self.processingTimeSum = 0
    self.processingTimeCount = 0
    self.normalizedTypeToCount = map[string]int64{}
}

func (self *ResultAggregator) Consider(event Event) {
    self.mutex.Lock()
    defer self.mutex.Unlock()

    self.normalizedTypeToCount[event.Type] += 1
    self.processingTimeSum += time.Since(event.CreatedAt)
    self.processingTimeCount += 1
}

func (self *ResultAggregator) String() string {
    self.mutex.Lock()
    defer self.mutex.Unlock()

    return fmt.Sprintf(
        "DoorCnt:%d, ImgCnt:%d, AlarmCnt:%d, avgProcessingTime: %dms",
        self.normalizedTypeToCount["door"],
        self.normalizedTypeToCount["img"],
        self.normalizedTypeToCount["alarm"],
        self.averageProcessingTime())
}

func (self *ResultAggregator) averageProcessingTime() int64 {
    if self.processingTimeCount == 0 {
        return 0
    }

    return self.processingTimeSum.Nanoseconds() / (1000000 * self.processingTimeCount)
}

Any feedback is appreciated, but there are a few specific things I'd like to know:

  1. Correctness -- did I fail to solve the problem (I can give more details on the exact problem, if needed)
  2. Idiom -- is the code idiomatic go? I have a main.go containing everything but the result aggregator which is in its own file
  3. Concurrency -- Did I use Mutexes correctly? Is there an issue with the goroutines? Is there something else here that's wrong (e.g. unexpected race condition)
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  • \$\begingroup\$ Did they ask you to write a solution in Go or did they leave the language up to you? \$\endgroup\$ – ErikR Aug 28 '15 at 11:37
  • \$\begingroup\$ @ErikR they left the solution up to me, however, I knew the company used go \$\endgroup\$ – mjgpy3 Aug 28 '15 at 13:38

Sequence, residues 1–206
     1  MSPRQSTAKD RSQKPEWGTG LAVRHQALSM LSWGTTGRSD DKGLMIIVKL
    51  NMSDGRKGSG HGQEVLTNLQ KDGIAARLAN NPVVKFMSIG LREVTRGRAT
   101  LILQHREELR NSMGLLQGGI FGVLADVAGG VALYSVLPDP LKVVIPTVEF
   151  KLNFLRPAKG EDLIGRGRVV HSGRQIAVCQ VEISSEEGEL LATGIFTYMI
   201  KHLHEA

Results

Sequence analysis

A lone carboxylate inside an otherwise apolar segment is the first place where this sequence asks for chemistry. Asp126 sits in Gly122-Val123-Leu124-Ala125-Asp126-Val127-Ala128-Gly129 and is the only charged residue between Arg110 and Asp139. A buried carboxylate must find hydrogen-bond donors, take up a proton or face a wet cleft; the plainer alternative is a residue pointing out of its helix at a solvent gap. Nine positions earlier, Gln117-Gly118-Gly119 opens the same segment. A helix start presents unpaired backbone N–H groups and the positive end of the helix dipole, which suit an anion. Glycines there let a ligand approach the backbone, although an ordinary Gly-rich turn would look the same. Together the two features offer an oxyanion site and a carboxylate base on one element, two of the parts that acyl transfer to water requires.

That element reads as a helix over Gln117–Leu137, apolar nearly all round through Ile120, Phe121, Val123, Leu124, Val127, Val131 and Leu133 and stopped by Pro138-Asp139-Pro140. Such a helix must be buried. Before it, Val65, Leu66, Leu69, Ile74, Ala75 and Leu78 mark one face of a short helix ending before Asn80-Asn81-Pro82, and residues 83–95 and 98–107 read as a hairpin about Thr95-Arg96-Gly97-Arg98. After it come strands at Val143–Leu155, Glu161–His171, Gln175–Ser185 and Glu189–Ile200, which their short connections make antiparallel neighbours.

• \$\begingroup\$ Please say that you omitted error checking just while cut-n-pasting your code here. If the code you sent them had no error handling what-so-ever … \$\endgroup\$ – Dave C Aug 28 '15 at 16:37
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The main issue I see is that it appears you are busy waiting on the directory, i.e. you are reading its contents at regular intervals to see if there are new files.

Note - I have not written a single golang program, so correct me if I'm wrong, but are you trying to poll the directory every microsecond?

The right approach is to use file system notifications from the operating system. For instance, check out this library:

https://github.com/go-fsnotify/fsnotify

Using file system notifications your program can remain idle until something interesting happens at which point you receive an event on a channel.

This is an interesting architecture problem and I might have more to say about the rest of your program later.

A few other minor things...

The variable filesInfo should be named fileInfos - i.e. the 's' should be on the end. filesInfo conveys the idea of a singular piece of information about a bunch of files, whereas fileInfos is more clearly a plurality of file information.

Also, "info" is a very generic term. Everything is information. It appears that fileInfo is really a "directory entry". You'll see the term "dirent" commonly used in the POSIX world to describe a directory entry, e.g. this man page for the readdir() system call:

http://man7.org/linux/man-pages/man3/readdir.3.html